15. "Order Soldiers"
The gas-mask wearing members of the cult were original to the movie, but were later adopted into the game universe with Silent Hill: Homecoming, which is where they got the name Order Soldiers.
16. Dahlia Gillespie
Her look and role may have been changed, but Dahlia Gillespie exists in both versions of the Silent Hill 1 story. In the game, Dahlia is much more like the movie's main antagonist, Christabella--the leader of the cult, Alessa's abusive mother, and so on. In the movie, she's a cast-out vagrant trying to save her little girl.
17. The hospital
Silent Hill loves hospitals, too. The layout, name, and overall look may have been changed for the movie but the hospital ward Rose braves is clearly a nod to Silent Hill 1's Alchemilla Hospital, but the name on the map denotes that it's actually Silent Hill 2's Brookhaven Hospital, because why not right?
18. Pyramid Head
Of course the most well known and iconic Silent Hill monster would make an appearance in the film. The movie's take on Pyramid Head (or Red Pyramid as he's known more formally) is considerably different from the games, where he debuted as a short, smock-wearing humanoid rather than a super tall, jacked muscle man, but still.
Pyramid Head is one of the movie's biggest and most obvious departures from the outline of Silent Hill 1. Good ol' PH was, for a long while, only seen or explored in Silent Hill 2. Later, during Silent Hill: Homecoming in 2008, the movie's version of the monster was adopted into the games.
If Pyramid Head is Silent Hill's most iconic monster, the Bubblehead Nurses are a close second. They don't behave in the games they way they do in the film, but their overall look and design are strikingly similar. They, like Pyramid Head, were actually introduced in Silent Hill 2.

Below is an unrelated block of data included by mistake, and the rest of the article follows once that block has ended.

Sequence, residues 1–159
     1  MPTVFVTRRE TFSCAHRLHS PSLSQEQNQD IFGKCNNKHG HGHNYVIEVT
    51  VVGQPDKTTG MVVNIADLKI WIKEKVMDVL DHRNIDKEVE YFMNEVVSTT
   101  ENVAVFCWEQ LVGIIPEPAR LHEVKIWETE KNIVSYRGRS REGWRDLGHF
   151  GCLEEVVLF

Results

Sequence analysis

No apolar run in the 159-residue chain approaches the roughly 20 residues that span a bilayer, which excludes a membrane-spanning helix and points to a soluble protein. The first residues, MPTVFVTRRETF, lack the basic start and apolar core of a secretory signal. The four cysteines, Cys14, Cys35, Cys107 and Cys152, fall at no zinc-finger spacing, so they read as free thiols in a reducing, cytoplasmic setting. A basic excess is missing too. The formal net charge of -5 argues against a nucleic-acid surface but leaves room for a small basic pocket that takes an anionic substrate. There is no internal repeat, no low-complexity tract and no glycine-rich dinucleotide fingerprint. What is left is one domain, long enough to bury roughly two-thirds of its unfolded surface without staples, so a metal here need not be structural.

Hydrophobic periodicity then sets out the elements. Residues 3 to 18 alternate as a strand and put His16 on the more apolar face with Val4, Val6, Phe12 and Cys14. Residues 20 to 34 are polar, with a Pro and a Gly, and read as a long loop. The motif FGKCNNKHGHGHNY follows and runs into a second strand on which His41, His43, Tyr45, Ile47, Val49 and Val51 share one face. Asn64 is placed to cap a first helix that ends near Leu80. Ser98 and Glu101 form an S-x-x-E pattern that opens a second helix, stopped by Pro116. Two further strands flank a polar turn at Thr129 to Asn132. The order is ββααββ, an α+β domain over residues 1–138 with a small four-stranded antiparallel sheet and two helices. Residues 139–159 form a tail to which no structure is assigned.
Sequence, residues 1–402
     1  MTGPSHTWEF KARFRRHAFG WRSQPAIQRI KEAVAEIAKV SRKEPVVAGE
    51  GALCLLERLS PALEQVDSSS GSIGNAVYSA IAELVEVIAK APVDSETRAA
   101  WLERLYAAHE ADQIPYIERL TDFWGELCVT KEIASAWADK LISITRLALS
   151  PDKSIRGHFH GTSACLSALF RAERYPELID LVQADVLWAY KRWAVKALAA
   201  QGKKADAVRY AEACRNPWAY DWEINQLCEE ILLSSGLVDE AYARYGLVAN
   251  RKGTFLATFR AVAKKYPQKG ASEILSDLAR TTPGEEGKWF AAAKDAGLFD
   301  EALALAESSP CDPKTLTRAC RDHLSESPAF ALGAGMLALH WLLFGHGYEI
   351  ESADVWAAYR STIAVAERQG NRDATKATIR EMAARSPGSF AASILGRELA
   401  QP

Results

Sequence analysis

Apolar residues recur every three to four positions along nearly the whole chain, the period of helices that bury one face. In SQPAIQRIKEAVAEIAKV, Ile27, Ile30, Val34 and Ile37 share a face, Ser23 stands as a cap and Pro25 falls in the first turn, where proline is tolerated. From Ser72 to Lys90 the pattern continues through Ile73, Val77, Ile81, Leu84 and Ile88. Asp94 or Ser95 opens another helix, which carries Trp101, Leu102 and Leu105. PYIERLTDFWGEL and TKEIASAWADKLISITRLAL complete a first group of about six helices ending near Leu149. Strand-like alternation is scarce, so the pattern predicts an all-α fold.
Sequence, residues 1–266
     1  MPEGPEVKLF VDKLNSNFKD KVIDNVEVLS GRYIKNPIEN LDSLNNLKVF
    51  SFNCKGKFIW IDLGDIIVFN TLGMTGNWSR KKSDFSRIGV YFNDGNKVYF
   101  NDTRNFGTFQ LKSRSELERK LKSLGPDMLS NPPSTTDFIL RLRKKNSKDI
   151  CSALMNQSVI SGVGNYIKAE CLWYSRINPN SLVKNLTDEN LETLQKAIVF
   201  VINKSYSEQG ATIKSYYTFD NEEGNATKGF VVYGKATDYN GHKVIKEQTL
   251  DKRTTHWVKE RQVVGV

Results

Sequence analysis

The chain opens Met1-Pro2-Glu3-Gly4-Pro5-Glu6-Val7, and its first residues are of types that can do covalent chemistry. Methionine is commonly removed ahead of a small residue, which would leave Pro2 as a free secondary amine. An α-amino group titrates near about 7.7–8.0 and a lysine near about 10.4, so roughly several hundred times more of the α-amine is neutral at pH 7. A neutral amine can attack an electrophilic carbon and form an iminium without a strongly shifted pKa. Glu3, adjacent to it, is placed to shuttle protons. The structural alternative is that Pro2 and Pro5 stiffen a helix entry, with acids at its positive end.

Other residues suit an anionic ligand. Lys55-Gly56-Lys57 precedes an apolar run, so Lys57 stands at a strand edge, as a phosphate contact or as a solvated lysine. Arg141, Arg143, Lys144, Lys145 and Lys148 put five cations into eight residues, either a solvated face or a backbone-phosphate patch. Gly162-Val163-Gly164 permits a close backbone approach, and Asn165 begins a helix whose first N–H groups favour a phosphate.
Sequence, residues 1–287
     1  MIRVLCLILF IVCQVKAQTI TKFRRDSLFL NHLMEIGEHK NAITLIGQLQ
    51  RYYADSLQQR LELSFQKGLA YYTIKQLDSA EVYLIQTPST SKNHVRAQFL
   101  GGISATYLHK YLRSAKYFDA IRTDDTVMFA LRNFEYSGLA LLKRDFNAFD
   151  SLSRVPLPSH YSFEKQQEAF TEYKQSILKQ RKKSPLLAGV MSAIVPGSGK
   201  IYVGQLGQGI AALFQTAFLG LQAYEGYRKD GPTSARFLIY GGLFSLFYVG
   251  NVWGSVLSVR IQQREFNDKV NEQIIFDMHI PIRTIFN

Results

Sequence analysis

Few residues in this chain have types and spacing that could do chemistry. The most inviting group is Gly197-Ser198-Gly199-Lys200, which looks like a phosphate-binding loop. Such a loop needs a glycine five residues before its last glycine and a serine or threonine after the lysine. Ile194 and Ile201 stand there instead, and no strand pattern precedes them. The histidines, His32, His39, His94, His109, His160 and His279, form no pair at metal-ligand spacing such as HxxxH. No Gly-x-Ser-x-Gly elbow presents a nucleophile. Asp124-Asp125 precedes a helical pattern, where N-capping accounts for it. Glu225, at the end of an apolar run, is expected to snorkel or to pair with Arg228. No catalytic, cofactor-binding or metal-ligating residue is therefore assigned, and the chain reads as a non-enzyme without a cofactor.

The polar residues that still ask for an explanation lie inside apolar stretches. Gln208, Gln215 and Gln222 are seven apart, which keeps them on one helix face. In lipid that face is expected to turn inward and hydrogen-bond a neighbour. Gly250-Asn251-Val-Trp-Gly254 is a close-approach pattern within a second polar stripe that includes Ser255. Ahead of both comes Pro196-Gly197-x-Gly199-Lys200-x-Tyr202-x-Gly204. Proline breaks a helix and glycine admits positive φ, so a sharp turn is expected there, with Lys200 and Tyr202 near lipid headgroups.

Silent Hill 1's version of the nurse-enemy is known more commonly as "puppet nurses" and are usually seen hunched over, controlled by a sort of tumor on their backs.
20. Spitters/Lying Figure
The final Silent Hill 2 monster to make the move to the big screen is the Lying Figure, or the "Spitter" as it's known in the movie. Resembling a person whose arms and head were absorbed into their torso, the Lying Figures have a nasty tendency to hide under parked cars in the game. In the movie they spit acidic sludge.
21. Lisa Garland
The nurse in the red cardigan is never named in the movies, but fans of the first game will immediately recognize her as Lisa Garland, Alessa's nurse. In the movie, Lisa's eyes are gouged out but in the game she's left to die (or maybe turn into a monster, or maybe survive, depending on what ending you get) after an encounter with the main protagonist, Harry.
Silent Hill has so many mannequins they apparently just leave them lying around in abandoned hotels. They're entirely set dressing for the film, but in the games they have the nasty tendency to come to life as monsters, especially in Silent Hill 2.